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NCLB Outrages

More Than Half of Connecticut School Districts Landed on the NCLB Hit List

More than half the state's 166 public school districts, including high-performing systems from West Hartford to Greenwich, landed on an academic warning list Wednesday.

The inclusion of some of Connecticut's strongest school systems caught some educators by surprise and was a sign of the stringent standards under President Bush's school reform law, the No Child Left Behind Act.

"We're going to have a black eye. Is that what Congress intended?" said West Hartford Board of Education member Tom Fiorentino, who called the district's inclusion on the list "ridiculous."

Some districts made the list because a single category of children, such as special education students, non-English speaking children or members of minority groups, failed to make adequate progress on reading or mathematics tests.

Several school systems, including those in affluent suburbs such as Westport and Greenwich, were cited only because too many students were absent on the days tests were given.

"More than 50 percent of the school districts didn't meet the annual yearly progress in one of the top-performing states in the country," said William Troy, superintendent of schools in Suffield. "The conclusion is, we really need to take a hard look at this [law]."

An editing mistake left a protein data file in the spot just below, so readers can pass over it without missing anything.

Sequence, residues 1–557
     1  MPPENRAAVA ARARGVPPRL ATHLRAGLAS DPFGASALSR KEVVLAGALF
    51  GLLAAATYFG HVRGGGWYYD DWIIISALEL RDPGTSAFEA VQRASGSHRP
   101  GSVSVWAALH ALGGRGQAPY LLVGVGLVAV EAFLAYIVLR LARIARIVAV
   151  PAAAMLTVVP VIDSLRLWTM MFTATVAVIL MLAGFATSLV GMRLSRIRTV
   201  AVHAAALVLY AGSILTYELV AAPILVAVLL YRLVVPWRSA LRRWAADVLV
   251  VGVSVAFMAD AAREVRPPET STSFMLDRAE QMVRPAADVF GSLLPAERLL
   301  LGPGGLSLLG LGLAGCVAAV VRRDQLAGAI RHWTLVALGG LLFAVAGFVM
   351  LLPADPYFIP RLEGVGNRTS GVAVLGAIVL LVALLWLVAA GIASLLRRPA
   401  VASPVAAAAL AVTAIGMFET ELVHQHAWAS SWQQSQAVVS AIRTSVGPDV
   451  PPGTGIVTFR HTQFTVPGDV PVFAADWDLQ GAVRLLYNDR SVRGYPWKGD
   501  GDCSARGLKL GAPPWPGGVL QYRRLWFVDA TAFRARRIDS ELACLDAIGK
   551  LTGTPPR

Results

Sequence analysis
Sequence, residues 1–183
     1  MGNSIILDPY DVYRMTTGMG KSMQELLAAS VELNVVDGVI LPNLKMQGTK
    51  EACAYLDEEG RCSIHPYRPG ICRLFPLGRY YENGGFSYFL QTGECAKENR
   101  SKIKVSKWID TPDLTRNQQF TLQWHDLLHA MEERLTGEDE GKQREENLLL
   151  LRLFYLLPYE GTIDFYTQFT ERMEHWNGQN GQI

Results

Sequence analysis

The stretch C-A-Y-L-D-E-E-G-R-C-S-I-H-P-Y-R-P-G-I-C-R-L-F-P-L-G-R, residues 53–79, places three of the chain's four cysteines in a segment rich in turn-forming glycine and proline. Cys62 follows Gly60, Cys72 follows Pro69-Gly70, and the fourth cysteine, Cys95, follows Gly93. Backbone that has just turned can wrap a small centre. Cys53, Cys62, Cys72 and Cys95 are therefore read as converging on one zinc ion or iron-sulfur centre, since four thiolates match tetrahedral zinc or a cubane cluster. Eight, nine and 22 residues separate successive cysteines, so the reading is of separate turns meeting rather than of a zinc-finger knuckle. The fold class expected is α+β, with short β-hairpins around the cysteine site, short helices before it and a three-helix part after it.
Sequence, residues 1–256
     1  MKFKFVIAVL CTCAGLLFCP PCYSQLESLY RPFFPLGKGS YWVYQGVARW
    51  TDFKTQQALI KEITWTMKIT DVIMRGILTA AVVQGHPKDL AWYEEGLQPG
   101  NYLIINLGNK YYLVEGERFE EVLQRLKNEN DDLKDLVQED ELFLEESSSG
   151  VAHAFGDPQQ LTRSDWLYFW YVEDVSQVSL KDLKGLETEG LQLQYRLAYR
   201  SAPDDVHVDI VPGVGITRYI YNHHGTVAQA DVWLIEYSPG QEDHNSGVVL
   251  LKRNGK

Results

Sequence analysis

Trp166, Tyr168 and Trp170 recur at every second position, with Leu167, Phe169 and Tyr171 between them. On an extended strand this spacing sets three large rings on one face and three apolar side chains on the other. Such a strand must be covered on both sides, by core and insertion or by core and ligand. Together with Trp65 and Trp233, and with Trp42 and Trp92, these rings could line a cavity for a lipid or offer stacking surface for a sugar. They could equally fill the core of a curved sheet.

Of 166 regional and local school systems, 92 - or 55 percent - either failed to have enough students tested or failed to meet proficiency standards on the Connecticut Mastery Test in elementary schools and middle schools or the Connecticut Academic Performance Test in high schools. Three charter schools, two regional education service centers, the state's regional vocational-technical school system and the school district for the state Department of Children and Families also were on the list.

It was the first time the state has issued a list of entire districts falling below the federal standards.

The list highlights gaps in academic performance for some groups of students but should not be considered a blanket indictment of public schools, state officials said.

"What [districts] have to do ... is look at the reason for their designation. That's the real issue - figure out why you're there and address it," said state Education Commissioner Betty J. Sternberg.

School systems that receive federal Title I money are required to notify parents in writing that they've been placed on the list, but there are no other immediate consequences.

However, those that remain on the list next year will be required to develop improvement plans and, if they fail to make sufficient progress after four years, could be required to reorganize schools, revamp curriculum, reassign teachers and administrators or make other major changes.

The No Child Left Behind Act, signed by Bush last year, expands testing programs and imposes sanctions on schools whose students do not meet state standards in reading and mathematics. The purpose of the law is to close the achievement gap that finds some groups of children, such as minorities and those from low-income families, lagging behind others. Individual schools and entire school districts can be singled out even if only one group falls below standards.